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Discussion Starter · #1 ·
I need help to set up the edge skid I just put in my 94 XLT. (I know I'm in the XC Forum). I just put the skid in and I need to figure out some baseline settings. How do I know if I need to adjust the front track spring? How much should the machine drop when I first sit down? (Sag I think). I do have the xtra 12 front IFS from a 97 XLT sp installed. Where should the blocks be for the rear springs? I'm about 220lbs, and I ride mostly trail. Any help would be appreciated.
 

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I'm a little over 220 lbs and this is my setup for an 05 600 50th edge skid...i still use the stock torsion springs and stock front track coil spring. Rear blocks are set to the forward most holes for maximum coupling...think front blocks are in the rear most holes...haven't move them from stock. Rear torsion springs are in the mid preload position on the cams. Front track coil spring preload is tightened up about an inch from being so loose the spring rattles. You can fine tune the rear torsion springs by moving the slide rail rollers forward or backward a hole...had a buddy move mine back to be help the ride height and provide better steering response. I've had various edge sleds with different shocks over the years so its not an exact science to get the perfect setup for every different sled.
 

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Discussion Starter · #5 ·
I'm running a fresh Fox Clicker. Snow coming tomorrow. I'll get 'er tuned then.
 

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you'll want about two inches of sag on the edge when u sit down. Also get the shocks revalved if ur running pps.[/b]
I think 2'' of sag for the rear skid isn't near enough...between 3''- 4'' works better. Nothing wrong with the stock pps shock valving unless jumping or riding big mogals aggressivly...otherwise it could use a bit more compression valving for us heavier guys.
 

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Which year is the skid?

I prefer to start out with the front track spring on the loose side, then add more pressure if neccessary. How to set the rear blocks also depends on how much ski lift you want, the setup Too Slow suggests, works good if you like to have it keep the skis on the ground on the trails.
Haven't heard of so many putting an edge in an XTRA-12 sled, so you'll probably have to do some fiddling on your own to get the right balance between front end and rear.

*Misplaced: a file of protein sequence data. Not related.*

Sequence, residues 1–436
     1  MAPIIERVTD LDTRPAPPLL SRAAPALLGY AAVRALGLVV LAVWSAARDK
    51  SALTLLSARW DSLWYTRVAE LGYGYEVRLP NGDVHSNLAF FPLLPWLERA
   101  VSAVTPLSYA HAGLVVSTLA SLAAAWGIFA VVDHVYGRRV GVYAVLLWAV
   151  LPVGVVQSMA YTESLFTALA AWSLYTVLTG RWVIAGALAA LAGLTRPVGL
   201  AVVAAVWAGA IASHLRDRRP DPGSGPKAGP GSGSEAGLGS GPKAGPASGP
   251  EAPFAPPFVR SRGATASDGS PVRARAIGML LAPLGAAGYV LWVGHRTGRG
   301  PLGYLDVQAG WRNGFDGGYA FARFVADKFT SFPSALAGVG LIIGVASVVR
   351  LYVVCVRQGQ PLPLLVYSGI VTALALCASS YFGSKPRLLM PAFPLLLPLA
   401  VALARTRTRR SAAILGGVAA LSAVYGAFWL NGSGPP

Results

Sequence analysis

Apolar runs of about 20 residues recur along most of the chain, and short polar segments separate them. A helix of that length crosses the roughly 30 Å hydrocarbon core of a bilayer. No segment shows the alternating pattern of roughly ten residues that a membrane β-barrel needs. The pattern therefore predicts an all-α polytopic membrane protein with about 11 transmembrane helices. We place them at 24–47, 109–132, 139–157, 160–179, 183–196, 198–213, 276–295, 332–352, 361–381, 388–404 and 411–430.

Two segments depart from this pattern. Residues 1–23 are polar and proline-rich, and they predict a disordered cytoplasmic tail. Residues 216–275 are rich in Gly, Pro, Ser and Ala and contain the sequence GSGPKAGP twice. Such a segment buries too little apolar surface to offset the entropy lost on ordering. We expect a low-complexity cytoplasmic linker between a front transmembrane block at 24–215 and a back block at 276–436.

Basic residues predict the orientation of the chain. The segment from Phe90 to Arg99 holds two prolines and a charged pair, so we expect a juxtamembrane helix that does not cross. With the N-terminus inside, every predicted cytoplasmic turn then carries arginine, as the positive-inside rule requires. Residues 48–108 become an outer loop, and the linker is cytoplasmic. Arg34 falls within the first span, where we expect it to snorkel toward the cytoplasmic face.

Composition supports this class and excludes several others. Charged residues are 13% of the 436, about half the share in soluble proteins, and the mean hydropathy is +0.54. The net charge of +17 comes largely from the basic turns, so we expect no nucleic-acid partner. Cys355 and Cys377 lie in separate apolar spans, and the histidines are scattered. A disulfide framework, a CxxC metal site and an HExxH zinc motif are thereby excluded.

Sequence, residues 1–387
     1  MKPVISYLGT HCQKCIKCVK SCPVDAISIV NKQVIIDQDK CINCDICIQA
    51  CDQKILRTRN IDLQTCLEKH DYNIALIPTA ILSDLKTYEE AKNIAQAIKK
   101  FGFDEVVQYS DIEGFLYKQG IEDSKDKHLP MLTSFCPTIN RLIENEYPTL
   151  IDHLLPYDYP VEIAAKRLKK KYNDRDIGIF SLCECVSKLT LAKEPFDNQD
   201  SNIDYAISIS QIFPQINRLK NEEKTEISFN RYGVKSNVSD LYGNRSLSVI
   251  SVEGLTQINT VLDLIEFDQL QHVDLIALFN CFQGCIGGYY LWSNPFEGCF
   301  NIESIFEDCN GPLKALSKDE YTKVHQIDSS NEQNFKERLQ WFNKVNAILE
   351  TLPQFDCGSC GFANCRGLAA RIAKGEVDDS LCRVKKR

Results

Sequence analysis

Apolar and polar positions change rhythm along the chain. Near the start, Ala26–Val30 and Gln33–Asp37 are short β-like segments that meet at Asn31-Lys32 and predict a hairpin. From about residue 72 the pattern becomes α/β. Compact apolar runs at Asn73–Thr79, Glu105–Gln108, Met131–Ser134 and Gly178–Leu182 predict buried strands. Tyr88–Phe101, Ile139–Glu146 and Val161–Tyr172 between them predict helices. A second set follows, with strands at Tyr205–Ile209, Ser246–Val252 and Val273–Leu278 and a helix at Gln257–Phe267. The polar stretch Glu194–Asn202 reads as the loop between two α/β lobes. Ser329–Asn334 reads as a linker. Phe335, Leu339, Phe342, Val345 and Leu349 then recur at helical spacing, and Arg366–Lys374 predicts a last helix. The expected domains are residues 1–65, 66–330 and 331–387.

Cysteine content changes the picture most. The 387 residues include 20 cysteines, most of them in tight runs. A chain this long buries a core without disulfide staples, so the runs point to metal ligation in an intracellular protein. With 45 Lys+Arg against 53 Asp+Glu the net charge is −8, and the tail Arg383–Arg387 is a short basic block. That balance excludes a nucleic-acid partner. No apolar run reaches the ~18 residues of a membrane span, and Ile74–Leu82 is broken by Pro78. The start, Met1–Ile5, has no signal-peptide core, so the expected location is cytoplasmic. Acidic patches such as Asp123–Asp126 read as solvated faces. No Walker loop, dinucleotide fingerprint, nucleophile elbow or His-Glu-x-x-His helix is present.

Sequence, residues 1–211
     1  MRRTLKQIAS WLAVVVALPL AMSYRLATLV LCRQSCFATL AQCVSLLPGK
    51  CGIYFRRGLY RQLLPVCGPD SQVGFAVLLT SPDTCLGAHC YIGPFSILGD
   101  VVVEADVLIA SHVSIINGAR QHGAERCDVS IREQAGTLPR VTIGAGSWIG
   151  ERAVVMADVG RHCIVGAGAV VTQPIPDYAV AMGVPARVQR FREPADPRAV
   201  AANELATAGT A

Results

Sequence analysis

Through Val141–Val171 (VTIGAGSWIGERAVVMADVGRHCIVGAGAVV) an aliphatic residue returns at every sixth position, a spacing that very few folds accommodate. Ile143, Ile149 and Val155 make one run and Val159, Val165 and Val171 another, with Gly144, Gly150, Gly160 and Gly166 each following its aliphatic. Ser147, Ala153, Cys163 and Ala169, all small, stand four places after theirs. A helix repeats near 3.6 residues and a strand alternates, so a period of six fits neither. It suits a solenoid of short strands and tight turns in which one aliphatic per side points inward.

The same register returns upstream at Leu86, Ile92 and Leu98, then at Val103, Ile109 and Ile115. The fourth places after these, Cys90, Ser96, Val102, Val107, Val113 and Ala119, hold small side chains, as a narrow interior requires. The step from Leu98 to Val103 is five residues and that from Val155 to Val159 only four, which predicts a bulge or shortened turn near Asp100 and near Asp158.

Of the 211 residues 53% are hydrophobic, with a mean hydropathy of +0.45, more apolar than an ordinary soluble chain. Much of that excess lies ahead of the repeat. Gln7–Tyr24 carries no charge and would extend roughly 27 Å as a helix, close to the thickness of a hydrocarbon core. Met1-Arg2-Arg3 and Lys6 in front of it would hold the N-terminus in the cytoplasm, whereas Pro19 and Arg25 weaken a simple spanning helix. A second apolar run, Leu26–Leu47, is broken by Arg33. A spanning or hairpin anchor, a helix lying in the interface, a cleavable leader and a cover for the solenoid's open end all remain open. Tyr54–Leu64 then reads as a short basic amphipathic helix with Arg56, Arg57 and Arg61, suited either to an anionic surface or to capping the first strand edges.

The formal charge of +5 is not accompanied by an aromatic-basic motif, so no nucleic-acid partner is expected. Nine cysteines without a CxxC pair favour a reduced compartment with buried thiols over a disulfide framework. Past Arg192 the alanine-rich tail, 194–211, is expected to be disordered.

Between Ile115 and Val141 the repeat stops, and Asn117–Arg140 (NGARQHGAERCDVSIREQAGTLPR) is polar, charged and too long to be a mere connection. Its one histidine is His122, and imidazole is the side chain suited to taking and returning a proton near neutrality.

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Discussion Starter · #9 ·
It actually was a standard indy susp. 6" of travel originally. It has a Fox clicker and about 3.5-4 inches of sag( I have to tighten the track as well ). Michahicks has given me a ballpark setup to start from as well and see how it goes. I also transplanted an xtra 12 IFS form a 97 XLT special so I have to dial in the front too. I'm learning a lot from this thread and from the pms I have received. Keep the thread going. Suspension is a lbig can of worms. everyone likes to tune for how they ride. I appreciate the posts.
 

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Discussion Starter · #10 ·
Ok, I had the sled out today and I can't get it to hook up. Way to much track spin. I'm studded too. How do I fix this so it will pull the ski's like it used to? I just want it to hook and go. Any Advice?
 

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Ok, I had the sled out today and I can't get it to hook up. Way to much track spin. I'm studded too. How do I fix this so it will pull the ski's like it used to? I just want it to hook and go. Any Advice?[/b]
Drop the rear sissor blocks down to low or to medium, in the back holes. This will
increase your sag also and make the suspension ride softer. The factory rear torsion
springs on the edge rear suspensions were only good for a 170-200 lb rider. If you
ride aggressively you will need to install the .406 torsion springs. You do have the
clicker Fox rear shock, yes?? If so you are all good with shock valveing. If not, the
factory PPS shock valving is garbage to begin with, for aggressive riders, and a
spring change will further show it's weakness. Front skid shock spring should rattle
when shaken back and forth by hand with no wieght on the skid(lifed on the stand).
Limiter straps should be left at the factory settings which should be all the way out,
if I remember correctly.
 

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For good transfer, you need to have room for the links to move back. The more room, the more transfer. You can enhance the transfer by giving the sled something to pivot back on - done by increasing front skid spring tension. Same rules, the more tension, the more transfer. Both adjustments can be taken to crazyness if you like to put on a show, or civilized to your tastes.
 
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